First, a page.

G has been away on vacation with family for the past 12 days… Whole lotta shakin goin on, and got lots to tell you, but it’ll take a few days for me to get back up and running.
I promise not to make every post about a celebrity, but this one is interesting. Imagine Harry Potter, trashed: a few days ago Daniel Radcliffe, the actor who plays the young wizard, admitted he’s been sober for almost a year after having become “reliant” on booze. Radcliffe, 21, tells British GQ:
There were a few years there when I was just so enamored with the idea of living some sort of famous person’s lifestyle that really isn’t suited to me.
He also admits that he wishes he were the kind of person who could go out and enjoy a couple of drinks, but “that doesn’t work for me,” he says.
Radcliffe talks about having gotten away with a great many drunken binges without paparazzi capturing him on film, but it’s easy enough to find pictures of Radcliffe’s 21st birthday at the end of last July, celebrated with lots of vodka shots in St. Petersburg (as in Russia, where they make the best vodka).
Salon, HuffPo and others are marveling at Radcliffe’s uncanny ability to conceal his habit (News Flash: Alcoholics Hide Their Drinking!).
“The real surprise is how well he hid it,” Mary Elizabeth Williams writes in Huffington Post.
But… is it possible that, like so many other stars who’ve been given so much so soon, he’ll seek consolation again in substance abuse? … It’s one thing to calm down when you’re an older, partied-out Robert Downey Jr. or Eminem. It’s another when you’re barely out of your teens and the character who’s made you famous is retiring.
The character made him very rich, too. Radcliffe is estimated to be worth £48 million ($77 million). And yeah, he’s been “given” a lot, but he’s also earned a lot: Radcliffe has devoted more than half his life to maintaining this film franchise.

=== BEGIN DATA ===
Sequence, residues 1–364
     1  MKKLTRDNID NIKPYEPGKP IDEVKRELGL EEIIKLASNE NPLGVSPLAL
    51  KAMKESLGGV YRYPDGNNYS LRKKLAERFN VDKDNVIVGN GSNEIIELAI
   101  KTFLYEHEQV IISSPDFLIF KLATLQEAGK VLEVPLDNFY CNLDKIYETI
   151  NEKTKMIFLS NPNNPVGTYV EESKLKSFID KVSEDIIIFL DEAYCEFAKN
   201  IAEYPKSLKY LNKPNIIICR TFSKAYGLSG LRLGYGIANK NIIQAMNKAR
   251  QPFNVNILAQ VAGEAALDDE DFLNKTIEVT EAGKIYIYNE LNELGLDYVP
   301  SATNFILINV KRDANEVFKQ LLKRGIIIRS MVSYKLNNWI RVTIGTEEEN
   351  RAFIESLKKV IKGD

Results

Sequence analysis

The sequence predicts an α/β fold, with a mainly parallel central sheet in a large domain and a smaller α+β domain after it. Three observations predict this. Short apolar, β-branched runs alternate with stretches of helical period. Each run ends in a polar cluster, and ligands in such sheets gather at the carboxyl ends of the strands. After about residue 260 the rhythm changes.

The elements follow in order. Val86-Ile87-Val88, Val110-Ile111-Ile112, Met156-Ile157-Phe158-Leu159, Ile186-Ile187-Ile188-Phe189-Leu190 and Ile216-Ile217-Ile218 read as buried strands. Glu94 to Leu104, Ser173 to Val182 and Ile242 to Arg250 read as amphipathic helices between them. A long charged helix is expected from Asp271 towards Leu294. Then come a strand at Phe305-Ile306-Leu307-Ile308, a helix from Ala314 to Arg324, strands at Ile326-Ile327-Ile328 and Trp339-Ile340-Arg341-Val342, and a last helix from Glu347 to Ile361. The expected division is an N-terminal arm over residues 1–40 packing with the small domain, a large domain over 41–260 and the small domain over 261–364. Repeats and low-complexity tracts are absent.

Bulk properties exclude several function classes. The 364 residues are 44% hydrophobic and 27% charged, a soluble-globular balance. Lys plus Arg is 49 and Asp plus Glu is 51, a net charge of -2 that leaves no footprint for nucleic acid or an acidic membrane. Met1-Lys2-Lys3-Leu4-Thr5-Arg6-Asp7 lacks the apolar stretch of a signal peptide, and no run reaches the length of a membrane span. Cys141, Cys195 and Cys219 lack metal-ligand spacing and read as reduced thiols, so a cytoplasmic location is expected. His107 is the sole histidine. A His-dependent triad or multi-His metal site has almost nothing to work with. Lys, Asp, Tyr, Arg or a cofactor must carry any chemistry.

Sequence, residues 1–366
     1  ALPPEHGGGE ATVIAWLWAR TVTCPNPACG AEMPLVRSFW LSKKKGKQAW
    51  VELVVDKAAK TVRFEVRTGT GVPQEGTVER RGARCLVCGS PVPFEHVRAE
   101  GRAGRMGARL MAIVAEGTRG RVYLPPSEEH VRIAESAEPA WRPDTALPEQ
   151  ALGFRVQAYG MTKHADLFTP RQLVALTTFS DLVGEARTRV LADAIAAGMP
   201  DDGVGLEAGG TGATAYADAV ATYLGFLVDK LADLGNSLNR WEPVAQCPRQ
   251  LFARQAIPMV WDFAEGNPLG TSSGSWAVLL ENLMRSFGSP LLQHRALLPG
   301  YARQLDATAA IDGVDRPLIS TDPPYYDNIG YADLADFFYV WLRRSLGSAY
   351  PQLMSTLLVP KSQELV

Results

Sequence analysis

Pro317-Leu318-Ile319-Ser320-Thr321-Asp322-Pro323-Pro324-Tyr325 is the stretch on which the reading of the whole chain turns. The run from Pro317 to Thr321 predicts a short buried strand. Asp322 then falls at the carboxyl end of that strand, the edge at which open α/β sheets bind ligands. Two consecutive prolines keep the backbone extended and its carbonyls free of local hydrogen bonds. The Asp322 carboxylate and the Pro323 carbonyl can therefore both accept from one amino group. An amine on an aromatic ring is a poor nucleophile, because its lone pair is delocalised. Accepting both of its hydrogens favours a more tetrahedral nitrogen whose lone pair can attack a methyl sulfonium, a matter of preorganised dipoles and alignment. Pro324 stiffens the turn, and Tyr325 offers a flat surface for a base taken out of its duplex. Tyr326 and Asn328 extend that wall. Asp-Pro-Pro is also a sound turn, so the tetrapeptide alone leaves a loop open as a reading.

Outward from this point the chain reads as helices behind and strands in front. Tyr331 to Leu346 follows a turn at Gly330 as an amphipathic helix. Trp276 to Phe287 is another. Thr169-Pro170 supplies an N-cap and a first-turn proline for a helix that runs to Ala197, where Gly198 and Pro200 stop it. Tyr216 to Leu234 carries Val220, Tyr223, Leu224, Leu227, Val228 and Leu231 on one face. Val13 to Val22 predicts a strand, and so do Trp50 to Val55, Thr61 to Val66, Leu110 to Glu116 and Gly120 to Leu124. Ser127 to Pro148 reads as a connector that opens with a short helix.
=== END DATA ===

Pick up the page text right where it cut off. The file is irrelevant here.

Nobody’s looking at Radcliffe’s sobriety date: August 2010, just after the pictures were published of his sodden birthday party. He obviously went out and got rip-roaring drunk in front of somebody’s lens, he saw the photos (or, likely, a parent or handler forced him to look at the photos), he decided it was bullshit, and he hasn’t picked up a drink since. Who knows if he’s in AA or what, but he’s sober.
IMO, the real news flash happens when ANYONE is able to get sober and stay there. One key is being teachable.
Radcliffe seems to be someone who is able to learn from the mistakes of others. He tells GQ:
There’s no shame in enjoying a quiet life, and that’s been the realization of the past few years for me. I’d just rather sit at home and read, or go out to dinner with someone, or talk to someone I love, or talk to somebody that makes me laugh.
To many other 21-year-olds, this kind of life sounds—well, fucking boring, quite frankly. It’s hard to get sober at the point when you’ve just reached legal drinking age and can buy your booze without having to sneak around anymore. I’ve known some people who have managed it (usually people, like Radcliffe, who started drinking alcoholically in their teens, sometimes even before their teens).
I have so much respect for the young people I see trying to get sober. To me, having gotten sober at 44, their lives look like an open road with lots of interesting places to visit along the way.
But to them, in the middle of the hard work of early sobriety, the road usually looks like a path through a Vietnamese forest in 1968—or else monotonous, like a blank road through a Kansas cornfield. I’ve talked to lots of young people about the difficulties of giving up drinking and using at their age. A lot of their questions come from the stress of being at the verge of adulthood and not knowing how to make decisions—and no longer having alcohol to blunt the resulting fear.
Of course, owning £48 million and houses in London and New York, as Radcliffe does, are responsibilities that bring their own “stresses.” But when you have a lot less than £48 million in the bank and you live in an obscure apartment that you can’t afford to furnish or even stock with food, in a small town that feels like (or even is) nowhere—when you’re still struggling to get a college degree and are facing an uncertain career picture in the middle of a deep recession—giving up the one way you cope with hard feelings is like cutting off a part of your body: your lips, say, or another equally sensitive part.
“How will I ever have fun again?” I’ve been asked by young newcomers.
Opportunity is worth more than any money in the bank or any deed to the most valuable real estate. You can’t buy opportunity, even opportunity to have fun. But there are sure and certain ways to squander it when it comes along.